4K ULTRA HD REVIEW / HDR FRAME SHOTS
Robin Williams received a Best Actor Oscar nomination as Parry, a homeless man who recruits fallen radio shock jock Jack Lucas (Jeff Bridges) to help him retrieve the Holy Grail.
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“THE FISHER KING: THE CRITERION COLLECTION”
4K Ultra HD and Blu-ray, 1991, R for violence, language, sexuality and nudity Best extra: Director Terry Gilliam’s 1991 commentary
AT THE OUTSET of his commentary, Terry Gilliam says that he’s always adhered to three rules when he made a film: • Never do anyone else’s script but his own • Never work with a major motion-picture studio • Never work in America He broke each of those rules with “The Fisher King,” and the kicker is that in many circles, including this one, it’s regarded as his best movie. And not because he somehow compromised. It’s steeped in Arthurian mythology – the Fisher King was the last in a line of monarchs tasked with guarding the Holy Grail – and there’s no shortage of Gilliam’s fantastical flourishes. But when he got behind the camera, he was determined to resist those impulses.
(1) The opening sequence is a monochromatic shot of Lucas bathed in the sterile light of his studio. (2&3) A limo waits to take Lucas back to his penthouse. (4) Jack and his live-in girlfriend Sondra (Lara Harris) are on the top of the world. (5) Three years after his fall, Jack is living with Anne (Best Actress Oscar-winner Mercedes Ruehl), who runs a video store.
“The briefing I gave myself was not to make a fantastical film, my usual twisting, grotesqueing version of the real world,” Gilliam says, laughing. “I failed miserably. I was pushed forward to make the film I usually make by the people I hired to do the opposite.” So, why did he break his filmmaking rules? Because, he told IndieWire in 2015, his career was on the ropes after the fallout from the criminally under-appreciated “The Adventures of Baron Munchausen” (released on 4K by Criterion in January). “The Fisher King” offered a shot at redemption – like Jack Lucas, the shock jock played by Jeff Bridges (“The Big Lebowski”) – by showing that he could behave and bring a film in on time and on budget. “I was in a depressed mood because I’d made ‘Munchausen’ and the studio basically dumped it. So I thought my film career was finally over and I’m finished,” Gilliam says. His agent started sending scripts, including the one for “The Addams Family.” None of them interested him until he received the Oscar-nominated “Fisher King” screenplay by first-timer Richard LaGravenese (“Freedom Writers”). “I started reading and I stayed up till—I don’t know what time in the morning it was. I thought this is really great writing. I said, ‘I really like this, I like these characters, I understand what it’s all about.’ That was the beginning of it. But I had to say, ‘OK, I’m going to put my head in the lion’s mouth.’”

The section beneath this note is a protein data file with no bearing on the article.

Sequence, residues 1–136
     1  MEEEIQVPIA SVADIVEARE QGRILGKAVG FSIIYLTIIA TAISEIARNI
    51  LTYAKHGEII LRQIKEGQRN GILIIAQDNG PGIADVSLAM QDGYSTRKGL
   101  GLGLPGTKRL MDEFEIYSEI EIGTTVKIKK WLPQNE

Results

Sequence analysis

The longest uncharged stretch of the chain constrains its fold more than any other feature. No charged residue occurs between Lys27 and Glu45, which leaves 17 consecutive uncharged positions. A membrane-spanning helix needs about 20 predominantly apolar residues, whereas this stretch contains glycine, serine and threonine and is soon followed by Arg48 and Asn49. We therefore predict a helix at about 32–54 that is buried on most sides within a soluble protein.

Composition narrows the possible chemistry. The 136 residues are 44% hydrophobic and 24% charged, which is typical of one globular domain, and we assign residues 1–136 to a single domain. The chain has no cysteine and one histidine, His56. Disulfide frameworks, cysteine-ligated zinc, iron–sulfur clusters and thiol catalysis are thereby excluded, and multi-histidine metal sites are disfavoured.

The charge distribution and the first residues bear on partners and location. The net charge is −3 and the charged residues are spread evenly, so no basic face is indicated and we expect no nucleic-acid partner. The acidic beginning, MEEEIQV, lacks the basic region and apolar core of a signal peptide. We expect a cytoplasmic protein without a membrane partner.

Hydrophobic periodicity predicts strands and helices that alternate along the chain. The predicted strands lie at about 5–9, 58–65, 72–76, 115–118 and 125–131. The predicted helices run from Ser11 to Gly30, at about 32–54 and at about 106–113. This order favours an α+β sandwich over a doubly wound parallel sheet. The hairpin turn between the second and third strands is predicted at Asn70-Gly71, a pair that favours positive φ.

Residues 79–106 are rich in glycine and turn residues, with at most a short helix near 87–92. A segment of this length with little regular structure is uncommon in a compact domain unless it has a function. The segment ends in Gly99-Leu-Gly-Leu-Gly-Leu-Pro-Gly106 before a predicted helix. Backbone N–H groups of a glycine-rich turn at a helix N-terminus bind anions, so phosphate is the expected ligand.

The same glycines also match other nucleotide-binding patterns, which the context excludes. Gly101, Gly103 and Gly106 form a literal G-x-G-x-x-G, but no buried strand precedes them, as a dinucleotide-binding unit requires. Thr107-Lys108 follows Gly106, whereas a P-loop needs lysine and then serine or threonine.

(1&2) A self-pitying alcoholic, Jack goes on a bender one night and is rescued by Parry from a couple of thugs. (3&4) Jack wakes up the next morning in Parry’s underground “abode.”
Lucas is the egomaniacal, self-absorbed star of New York morning radio until his on-air rant prompts a listener to bring a shotgun to a popular yuppie restaurant. Three years later he’s a suicidal, self-pitying drunk living in the cluttered apartment over the video store run by his girlfriend Anne (Supporting Actress Oscar-winner Mercedes Ruehl, “Big”). Stumbling into the street, he’s about to throw himself in the river one night when he’s beaten up by a couple of thugs and doused with gasoline. Enter his knight in not-so-shining armor, a homeless man named Parry (Best Actor Oscar-nominee Robin Williams, insert favorite movie), who rescues him and takes him back to his “abode.”